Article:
Complete Guide to Santa’s Workshop at the North Pole
It’s a magical place. A place where dreams come true. Children around the world look forward to visiting the site’s most famous resident, sitting on his lap, and telling him the gifts they want for Christmas. Santa’s Workshop at the North Pole in Colorado is the place where wishes come true.
Christmas is magical in our house. Yearly, we look forward to a midnight visit from Santa Claus and his reindeer. We were excited to visit the Big Man in person at Santa’s Workshop, at the base of Pikes Peak. While there, we were able to see and talk to Santa, catch a magic show, ride some wild rides, and enjoy the wonder of a Nordic-inspired village.
We have done the hard work for you, so you can enjoy everything at the park. Here is our complete guide to Santa’s Workshop at the North Pole.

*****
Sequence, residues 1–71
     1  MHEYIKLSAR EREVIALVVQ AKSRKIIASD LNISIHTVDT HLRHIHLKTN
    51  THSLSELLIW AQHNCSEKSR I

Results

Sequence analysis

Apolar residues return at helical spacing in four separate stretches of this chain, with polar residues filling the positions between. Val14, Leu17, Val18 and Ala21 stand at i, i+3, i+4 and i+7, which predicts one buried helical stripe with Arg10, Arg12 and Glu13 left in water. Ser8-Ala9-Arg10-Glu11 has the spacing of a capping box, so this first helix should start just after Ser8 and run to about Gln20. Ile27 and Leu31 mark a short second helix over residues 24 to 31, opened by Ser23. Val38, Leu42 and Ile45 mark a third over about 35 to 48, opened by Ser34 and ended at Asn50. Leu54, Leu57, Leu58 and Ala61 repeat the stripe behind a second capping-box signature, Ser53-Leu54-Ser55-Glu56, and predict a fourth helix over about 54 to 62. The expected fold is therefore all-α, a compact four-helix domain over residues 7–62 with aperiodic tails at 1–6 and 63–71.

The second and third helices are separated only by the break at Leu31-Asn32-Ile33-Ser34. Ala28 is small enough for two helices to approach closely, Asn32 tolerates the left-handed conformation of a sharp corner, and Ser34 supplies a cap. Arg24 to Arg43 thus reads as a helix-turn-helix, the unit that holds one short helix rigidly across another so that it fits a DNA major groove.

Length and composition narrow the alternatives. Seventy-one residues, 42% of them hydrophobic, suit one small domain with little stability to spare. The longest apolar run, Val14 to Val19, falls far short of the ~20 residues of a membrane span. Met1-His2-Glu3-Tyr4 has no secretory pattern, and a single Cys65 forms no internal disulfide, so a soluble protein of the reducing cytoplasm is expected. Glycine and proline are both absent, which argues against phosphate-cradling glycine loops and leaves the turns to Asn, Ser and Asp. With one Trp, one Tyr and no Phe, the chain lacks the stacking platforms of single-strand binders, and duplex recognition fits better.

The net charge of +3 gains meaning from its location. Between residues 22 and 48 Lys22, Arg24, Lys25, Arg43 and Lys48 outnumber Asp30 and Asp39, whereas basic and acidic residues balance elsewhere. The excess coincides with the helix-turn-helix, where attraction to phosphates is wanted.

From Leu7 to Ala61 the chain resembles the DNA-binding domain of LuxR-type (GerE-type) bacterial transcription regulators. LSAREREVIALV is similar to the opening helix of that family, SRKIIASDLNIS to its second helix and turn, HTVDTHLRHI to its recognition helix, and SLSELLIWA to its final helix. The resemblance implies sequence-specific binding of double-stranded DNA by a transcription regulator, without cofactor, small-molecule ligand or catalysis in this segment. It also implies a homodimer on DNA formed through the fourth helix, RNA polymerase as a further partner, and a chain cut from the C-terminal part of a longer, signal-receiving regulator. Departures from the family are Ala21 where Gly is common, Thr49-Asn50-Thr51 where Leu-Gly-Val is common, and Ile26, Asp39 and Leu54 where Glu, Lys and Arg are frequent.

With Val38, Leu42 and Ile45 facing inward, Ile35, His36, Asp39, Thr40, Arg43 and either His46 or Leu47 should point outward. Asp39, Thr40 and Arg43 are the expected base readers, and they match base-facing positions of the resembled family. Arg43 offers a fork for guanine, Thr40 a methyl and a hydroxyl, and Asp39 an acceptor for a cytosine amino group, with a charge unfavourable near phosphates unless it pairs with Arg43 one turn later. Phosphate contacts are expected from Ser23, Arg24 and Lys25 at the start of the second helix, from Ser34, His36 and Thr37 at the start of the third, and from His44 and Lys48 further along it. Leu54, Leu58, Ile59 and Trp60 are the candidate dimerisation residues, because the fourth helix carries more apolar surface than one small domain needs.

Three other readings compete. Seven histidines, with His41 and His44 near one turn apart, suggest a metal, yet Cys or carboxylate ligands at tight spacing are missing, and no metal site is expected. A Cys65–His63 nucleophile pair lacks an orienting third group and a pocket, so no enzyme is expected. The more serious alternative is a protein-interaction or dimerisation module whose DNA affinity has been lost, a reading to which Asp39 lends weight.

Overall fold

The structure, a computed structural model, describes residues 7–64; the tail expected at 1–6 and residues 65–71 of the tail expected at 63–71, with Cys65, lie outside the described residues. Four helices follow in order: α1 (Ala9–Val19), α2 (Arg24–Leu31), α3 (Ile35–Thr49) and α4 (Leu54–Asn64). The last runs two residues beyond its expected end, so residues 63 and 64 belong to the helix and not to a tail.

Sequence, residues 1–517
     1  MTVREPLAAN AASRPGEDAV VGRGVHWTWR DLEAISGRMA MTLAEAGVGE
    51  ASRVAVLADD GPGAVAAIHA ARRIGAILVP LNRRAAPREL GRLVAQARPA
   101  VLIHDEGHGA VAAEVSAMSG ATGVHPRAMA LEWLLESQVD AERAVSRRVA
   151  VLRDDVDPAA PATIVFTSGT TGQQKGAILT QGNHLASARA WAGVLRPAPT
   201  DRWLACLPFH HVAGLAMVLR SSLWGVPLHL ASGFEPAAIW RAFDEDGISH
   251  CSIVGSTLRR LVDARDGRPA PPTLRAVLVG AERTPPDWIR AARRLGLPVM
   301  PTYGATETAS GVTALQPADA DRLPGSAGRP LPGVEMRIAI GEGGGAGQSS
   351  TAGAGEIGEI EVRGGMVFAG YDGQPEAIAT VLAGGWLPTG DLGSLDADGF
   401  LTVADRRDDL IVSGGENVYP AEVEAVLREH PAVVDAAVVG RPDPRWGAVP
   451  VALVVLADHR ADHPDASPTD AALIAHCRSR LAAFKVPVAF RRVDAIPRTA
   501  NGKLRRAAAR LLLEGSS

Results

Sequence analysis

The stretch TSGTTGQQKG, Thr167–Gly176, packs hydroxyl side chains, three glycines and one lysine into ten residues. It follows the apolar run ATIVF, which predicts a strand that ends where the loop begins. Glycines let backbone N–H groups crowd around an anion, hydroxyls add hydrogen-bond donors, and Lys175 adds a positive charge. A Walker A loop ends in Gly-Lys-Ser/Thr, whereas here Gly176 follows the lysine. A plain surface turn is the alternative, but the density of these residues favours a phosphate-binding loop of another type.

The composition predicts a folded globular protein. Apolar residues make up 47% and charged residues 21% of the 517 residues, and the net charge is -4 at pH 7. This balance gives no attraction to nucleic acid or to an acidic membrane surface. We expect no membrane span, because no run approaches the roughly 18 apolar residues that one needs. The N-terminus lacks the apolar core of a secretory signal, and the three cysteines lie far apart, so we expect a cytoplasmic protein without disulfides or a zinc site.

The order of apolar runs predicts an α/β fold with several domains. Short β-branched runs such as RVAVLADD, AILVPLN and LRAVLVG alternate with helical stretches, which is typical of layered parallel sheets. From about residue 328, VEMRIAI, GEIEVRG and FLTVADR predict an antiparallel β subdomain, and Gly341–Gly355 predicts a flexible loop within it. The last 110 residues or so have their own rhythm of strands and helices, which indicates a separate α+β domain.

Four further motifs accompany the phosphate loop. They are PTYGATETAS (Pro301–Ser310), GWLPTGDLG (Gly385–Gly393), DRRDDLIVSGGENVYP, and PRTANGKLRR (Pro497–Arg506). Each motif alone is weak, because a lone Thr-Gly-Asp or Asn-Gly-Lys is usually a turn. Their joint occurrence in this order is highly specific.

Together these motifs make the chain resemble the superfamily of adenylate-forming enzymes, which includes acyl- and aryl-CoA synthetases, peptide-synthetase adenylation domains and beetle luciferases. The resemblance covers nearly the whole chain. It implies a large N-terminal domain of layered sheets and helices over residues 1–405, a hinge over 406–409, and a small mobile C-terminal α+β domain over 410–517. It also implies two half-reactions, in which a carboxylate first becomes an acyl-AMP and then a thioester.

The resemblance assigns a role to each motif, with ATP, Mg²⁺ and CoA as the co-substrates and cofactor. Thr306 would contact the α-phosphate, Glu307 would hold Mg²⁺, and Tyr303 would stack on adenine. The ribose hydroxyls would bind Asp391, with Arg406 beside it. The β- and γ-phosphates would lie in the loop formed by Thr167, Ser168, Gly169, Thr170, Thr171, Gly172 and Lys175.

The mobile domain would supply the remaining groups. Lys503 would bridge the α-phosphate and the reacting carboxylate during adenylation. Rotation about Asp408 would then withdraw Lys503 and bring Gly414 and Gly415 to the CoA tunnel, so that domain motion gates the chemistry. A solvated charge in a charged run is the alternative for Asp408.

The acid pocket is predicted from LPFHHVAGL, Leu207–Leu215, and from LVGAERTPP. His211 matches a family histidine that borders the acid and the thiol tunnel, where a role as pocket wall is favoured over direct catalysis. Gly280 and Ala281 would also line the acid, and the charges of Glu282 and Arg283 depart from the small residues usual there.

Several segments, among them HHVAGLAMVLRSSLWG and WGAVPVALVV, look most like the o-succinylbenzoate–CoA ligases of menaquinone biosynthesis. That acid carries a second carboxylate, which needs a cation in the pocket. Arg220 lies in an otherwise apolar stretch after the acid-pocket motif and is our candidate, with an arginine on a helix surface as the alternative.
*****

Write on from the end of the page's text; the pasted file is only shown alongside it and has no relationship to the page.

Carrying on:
About Santa’s Workshop
Santa’s Workshop North Pole opened in 1956. The park is tucked away at the base of Pikes Peak, a short drive from Colorado Springs. Much of the park has steep inclines (and declines) as you are walking up and down the mountainside. It’s important to always watch your step because of the sloping sidewalks and steps throughout the park.
The park to this day has a 1950s feel to it. The Christmas Village looks like something from a different era, which helps add to the magic of the place. Most of the rides and shows have been in the park since its opening. However, the park still has a charming appeal despite the age of some of the attractions.
Admission to the park is $24 per person, which covers all the rides and shows and a visit to Santa. Of course, food, Santa pictures, and merchandise cost extra. You can print or download discount coupons from the website which saves you a few bucks off the admission fee.